• explaining position of main actors focusing on fake and false news and right on freedom of expression;
      • growing censorship in the Western societies (UK, France)
      • can tech executives be in charge of freedom of expression;
      • how to avoid monopolies in content - the most reasonable approach is to develop interoperability with users having possibility to switch between platforms (move data) without using its network and contacts (analogy to mobile phone number); in this scenario the social networks would become utilities.
      • internatoinal human rights law provide a solid international framework for dealing with content (reasonable balance between freedom of speech and relevant and proportionate restrictions.

      ||MarcoLotti||||Pavlina||||StephanieBP||||AndrijanaG||

    2. Biden decision

      what is this Biden decision? ||Pavlina|| ||MarcoLotti||

    3. In London the Metropolitan Police requests that they take down legal, but troubling, posts. In June France’s Constitutional Council struck down a deal between the government and the tech companies because it curbed free speech—an initiative that is sure to be revisited after Mr Paty’s murder.

      examples of emerging censorship in western societies.

    4. The left says that, from the conspiracy theories of QAnon to the incitement of white supremacists, social media are drowning users in hatred and falsehood. The right accuses the tech firms of censorship, including last week of a dubious article alleging corruption in the family of Joe Biden, the Democratic presidential nominee.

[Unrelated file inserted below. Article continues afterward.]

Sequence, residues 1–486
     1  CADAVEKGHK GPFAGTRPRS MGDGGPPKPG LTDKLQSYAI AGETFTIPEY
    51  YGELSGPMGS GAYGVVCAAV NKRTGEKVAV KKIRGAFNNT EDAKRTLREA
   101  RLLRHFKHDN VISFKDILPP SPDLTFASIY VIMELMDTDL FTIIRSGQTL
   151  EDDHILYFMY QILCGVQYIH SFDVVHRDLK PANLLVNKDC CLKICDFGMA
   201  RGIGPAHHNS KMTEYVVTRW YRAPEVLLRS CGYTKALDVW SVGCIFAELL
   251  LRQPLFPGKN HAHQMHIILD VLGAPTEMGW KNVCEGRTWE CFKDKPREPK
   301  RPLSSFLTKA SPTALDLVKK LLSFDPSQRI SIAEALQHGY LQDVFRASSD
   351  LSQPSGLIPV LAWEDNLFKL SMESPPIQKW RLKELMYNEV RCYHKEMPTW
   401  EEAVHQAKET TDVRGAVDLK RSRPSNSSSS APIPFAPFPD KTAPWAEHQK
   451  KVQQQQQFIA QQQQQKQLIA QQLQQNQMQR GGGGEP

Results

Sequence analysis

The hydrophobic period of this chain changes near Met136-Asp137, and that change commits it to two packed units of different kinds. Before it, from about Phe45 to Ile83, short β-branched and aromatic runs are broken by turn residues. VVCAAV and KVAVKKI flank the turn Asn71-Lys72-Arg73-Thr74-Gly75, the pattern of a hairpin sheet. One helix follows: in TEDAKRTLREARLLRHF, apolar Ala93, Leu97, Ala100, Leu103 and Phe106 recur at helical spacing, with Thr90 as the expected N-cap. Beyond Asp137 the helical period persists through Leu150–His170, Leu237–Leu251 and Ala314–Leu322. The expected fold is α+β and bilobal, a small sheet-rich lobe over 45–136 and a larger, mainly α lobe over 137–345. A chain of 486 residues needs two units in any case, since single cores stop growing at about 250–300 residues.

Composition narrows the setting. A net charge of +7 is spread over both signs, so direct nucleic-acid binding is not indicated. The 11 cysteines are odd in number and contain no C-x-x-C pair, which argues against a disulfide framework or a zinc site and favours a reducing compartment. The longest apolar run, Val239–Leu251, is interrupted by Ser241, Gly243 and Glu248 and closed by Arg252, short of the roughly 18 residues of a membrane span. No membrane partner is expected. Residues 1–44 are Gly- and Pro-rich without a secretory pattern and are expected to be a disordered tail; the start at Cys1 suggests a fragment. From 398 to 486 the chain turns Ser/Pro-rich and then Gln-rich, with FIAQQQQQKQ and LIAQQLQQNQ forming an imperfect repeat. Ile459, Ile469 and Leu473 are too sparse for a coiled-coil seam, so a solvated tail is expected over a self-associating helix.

Here are mani reasons why right and left attack tech companies.

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    1. The US has seized 92 web domains used by Iran, including four which purported to be genuine English language news sites, the Justice Department announced Wednesday.

      The US authorities seized 92 domains used by Iran, including English language news website.

      The seizure shifts content removal from tech platforms (Facebook, Twitter) to the domains which are part of the core functioning of the Internet.

      This practice could shift ICANN and domain name industry into new policy realm of content policy which they have been avoiding for long time.

      In addition, justification of seizure considers domain name as property which ICANN and domain name community also avoided for long time.

      ||Pavlina|| it seems that seizure is not based on sanctions regime but on regular criminal code. Could you double check?

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  4. Sep 2020
    1. New developements on TikTok saga: US court banned President Trump's executive order on banning TikTok.